Sleeping in the Aviary - Oh, This Old Thing? (Cover Artwork)
Staff Review

Sleeping in the Aviary

Sleeping in the Aviary: Oh, This Old Thing?

Oh, This Old Thing? (2007)

Science of Sound


3.5
The Thermals released The Body, The Blood, The Machine last year to devastating critical acclaim. Few had complaints regarding the band's edgy, ambitiously concocted, throwback pop-punk, but unfortunately for me I found myself in that group. To at least this reviewer the band sounded tired, drained ...

The Thermals released The Body, The Blood, The Machine last year to devastating critical acclaim. Few had complaints regarding the band's edgy, ambitiously concocted, throwback pop-punk, but unfortunately for me I found myself in that group. To at least this reviewer the band sounded tired, drained of the spastic, unrelenting energy from 2004's perfectly titled Fuckin A. Amidst all the mouth-foaming of its reception and personal anticipation for the album It was hard to admit that I just...wasn't into it. Luckily, Sleeping in the Aviary's Oh, This Old Thing? serves as a fair substitute for my expectations.

Oh, This Old Thing? is 13 tracks of snotty, fuck-all lo-fi power-pop. "Face Lift Floats" is brief but punctual as the opener, giving what seems like a preview of the next 22 minutes to come, while "Pot Song" bounces along with effortless handclaps and "Another Girl" self-loathes atop power chords. The band spreads a similar nature over the course of these three but branches out a little more upon the trifecta's completion. "Gloworm" sounds like a drugged up Stephen Pedersen (Criteria) is fronting the band, while the lazy "Sign My Cast" is one of a few more gentle numbers. Of course, the 33-second "Maureen" starts the second 'half' in a blast of a fashion, light screams peppering the end of Elliott Kozel's lines. "Drug Suitcase" slams away silly, distorted solos and a short but sweet Jerry Lee Lewis piano 'riff' to close. "Only Son" even throws a bit of Jello Biafra-style yelps and slurs in the vocals for good measure. And then out of nowhere, tucked at the end is an untitled piano ballad; it's actually pretty pretty.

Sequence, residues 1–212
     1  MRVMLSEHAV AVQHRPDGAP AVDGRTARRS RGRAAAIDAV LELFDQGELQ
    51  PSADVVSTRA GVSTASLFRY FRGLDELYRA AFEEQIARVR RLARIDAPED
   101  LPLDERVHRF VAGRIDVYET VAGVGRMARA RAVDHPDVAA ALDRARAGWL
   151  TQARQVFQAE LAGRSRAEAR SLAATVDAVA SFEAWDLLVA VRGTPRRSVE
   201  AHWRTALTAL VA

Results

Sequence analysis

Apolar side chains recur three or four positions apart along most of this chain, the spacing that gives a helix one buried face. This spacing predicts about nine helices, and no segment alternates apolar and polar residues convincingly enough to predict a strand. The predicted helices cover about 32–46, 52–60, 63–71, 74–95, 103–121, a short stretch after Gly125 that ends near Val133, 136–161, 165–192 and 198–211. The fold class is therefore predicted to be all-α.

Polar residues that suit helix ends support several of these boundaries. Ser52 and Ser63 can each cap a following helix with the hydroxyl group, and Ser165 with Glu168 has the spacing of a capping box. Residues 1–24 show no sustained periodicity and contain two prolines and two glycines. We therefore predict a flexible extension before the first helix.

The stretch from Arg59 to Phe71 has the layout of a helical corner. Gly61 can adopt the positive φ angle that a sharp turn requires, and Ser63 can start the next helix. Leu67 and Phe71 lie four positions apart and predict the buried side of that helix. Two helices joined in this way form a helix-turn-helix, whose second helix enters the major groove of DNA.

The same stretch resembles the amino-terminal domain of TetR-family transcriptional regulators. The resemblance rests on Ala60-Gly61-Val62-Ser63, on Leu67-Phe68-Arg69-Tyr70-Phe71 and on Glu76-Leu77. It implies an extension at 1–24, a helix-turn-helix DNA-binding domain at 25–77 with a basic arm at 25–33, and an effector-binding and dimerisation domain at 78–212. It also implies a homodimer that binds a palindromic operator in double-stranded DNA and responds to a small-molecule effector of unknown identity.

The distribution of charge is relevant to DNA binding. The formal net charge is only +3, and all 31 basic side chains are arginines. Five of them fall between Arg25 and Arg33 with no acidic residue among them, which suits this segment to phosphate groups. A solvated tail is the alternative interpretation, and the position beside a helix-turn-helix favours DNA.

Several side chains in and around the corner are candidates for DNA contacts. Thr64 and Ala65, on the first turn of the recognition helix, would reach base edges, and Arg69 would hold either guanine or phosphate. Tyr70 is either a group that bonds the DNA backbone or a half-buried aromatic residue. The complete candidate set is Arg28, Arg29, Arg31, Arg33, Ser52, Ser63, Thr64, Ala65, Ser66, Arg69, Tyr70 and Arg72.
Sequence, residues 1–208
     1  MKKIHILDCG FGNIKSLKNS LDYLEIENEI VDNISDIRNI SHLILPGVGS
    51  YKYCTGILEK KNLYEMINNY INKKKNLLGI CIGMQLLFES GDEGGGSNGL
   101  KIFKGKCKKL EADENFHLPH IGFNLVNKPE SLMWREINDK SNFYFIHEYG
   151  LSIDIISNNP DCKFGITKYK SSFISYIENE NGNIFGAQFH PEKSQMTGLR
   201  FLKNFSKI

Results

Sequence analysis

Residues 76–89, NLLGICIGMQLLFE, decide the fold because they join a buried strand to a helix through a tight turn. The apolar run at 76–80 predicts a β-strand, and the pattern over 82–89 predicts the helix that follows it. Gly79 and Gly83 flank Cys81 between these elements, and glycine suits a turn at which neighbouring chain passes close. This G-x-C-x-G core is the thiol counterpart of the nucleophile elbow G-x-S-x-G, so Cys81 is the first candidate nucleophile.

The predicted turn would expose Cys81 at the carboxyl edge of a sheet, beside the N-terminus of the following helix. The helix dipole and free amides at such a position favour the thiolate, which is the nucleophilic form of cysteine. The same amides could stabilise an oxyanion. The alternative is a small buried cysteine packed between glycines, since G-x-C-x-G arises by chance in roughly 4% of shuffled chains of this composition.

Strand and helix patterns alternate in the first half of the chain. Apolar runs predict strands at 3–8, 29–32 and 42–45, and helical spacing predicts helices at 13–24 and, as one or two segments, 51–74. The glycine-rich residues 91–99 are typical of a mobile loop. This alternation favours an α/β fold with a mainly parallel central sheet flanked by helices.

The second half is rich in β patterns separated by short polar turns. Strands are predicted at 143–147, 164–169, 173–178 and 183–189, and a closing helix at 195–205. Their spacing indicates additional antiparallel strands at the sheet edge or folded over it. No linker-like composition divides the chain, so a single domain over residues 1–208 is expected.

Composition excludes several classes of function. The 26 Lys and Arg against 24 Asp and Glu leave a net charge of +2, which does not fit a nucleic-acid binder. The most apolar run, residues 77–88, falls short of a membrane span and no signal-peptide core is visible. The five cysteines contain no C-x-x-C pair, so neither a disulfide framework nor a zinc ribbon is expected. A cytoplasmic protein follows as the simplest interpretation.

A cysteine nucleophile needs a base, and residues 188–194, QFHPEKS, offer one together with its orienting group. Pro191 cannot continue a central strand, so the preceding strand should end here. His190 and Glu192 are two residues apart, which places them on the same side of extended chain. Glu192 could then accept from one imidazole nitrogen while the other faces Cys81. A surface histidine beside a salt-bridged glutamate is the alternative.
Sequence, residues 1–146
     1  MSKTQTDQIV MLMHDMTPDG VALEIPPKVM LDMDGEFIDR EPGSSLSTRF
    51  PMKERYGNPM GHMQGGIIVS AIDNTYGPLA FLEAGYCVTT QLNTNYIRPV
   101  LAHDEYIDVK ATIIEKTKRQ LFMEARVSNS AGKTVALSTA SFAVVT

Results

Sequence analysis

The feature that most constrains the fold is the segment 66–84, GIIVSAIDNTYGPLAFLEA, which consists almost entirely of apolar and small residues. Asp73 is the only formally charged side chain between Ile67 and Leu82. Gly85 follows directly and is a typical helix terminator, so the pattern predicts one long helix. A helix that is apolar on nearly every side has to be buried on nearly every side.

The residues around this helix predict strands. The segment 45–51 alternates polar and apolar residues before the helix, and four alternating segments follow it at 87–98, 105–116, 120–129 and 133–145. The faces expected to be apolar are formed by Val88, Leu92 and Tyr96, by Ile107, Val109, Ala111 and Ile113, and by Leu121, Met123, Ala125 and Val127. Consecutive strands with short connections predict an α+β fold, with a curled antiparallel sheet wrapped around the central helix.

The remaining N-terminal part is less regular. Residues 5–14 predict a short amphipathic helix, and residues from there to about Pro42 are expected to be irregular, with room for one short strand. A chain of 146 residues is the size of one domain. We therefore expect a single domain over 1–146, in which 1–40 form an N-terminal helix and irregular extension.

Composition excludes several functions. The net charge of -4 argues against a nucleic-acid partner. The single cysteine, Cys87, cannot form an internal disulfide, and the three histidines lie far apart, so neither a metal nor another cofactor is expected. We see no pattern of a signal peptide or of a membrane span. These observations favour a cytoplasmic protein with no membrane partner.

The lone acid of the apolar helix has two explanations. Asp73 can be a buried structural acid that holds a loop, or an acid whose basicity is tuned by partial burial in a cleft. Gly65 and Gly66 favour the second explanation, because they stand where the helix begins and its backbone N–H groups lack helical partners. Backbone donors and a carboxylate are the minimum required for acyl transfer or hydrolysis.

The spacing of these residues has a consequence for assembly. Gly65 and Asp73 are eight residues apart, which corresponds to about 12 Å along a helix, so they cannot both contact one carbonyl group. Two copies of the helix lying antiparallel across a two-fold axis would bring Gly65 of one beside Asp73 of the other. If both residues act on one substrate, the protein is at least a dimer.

Sleeping in the Aviary's debut might be a little top-heavy but it certainly deserves points not only for style but variety, managing to capture the listener's interest for the majority of its quick duration. Familiar, sure, but it also nearly fills a void that was left sorely open for me in 2006.

Another Girl

STREAM
Pop Song
Gloworm
Lanugo